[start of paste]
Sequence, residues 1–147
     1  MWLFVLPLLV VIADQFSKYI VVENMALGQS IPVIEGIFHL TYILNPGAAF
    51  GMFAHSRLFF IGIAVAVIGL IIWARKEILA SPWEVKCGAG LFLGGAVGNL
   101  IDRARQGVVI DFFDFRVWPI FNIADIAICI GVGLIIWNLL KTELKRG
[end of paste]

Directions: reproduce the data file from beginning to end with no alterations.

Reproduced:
Sequence, residues 1–147
     1  MWLFVLPLLV VIADQFSKYI VVENMALGQS IPVIEGIFHL TYILNPGAAF
    51  GMFAHSRLFF IGIAVAVIGL IIWARKEILA SPWEVKCGAG LFLGGAVGNL
   101  IDRARQGVVI DFFDFRVWPI FNIADIAICI GVGLIIWNLL KTELKRG